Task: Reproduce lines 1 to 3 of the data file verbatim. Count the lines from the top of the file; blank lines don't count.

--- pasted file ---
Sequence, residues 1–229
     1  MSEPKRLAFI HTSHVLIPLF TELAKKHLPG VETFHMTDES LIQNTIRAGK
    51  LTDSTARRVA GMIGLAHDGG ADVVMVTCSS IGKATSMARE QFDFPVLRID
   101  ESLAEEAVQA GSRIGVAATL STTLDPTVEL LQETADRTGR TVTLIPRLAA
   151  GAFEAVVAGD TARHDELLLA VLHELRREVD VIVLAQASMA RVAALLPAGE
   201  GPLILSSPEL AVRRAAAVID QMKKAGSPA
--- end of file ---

Sequence, residues 1–229
     1  MSEPKRLAFI HTSHVLIPLF TELAKKHLPG VETFHMTDES LIQNTIRAGK
    51  LTDSTARRVA GMIGLAHDGG ADVVMVTCSS IGKATSMARE QFDFPVLRID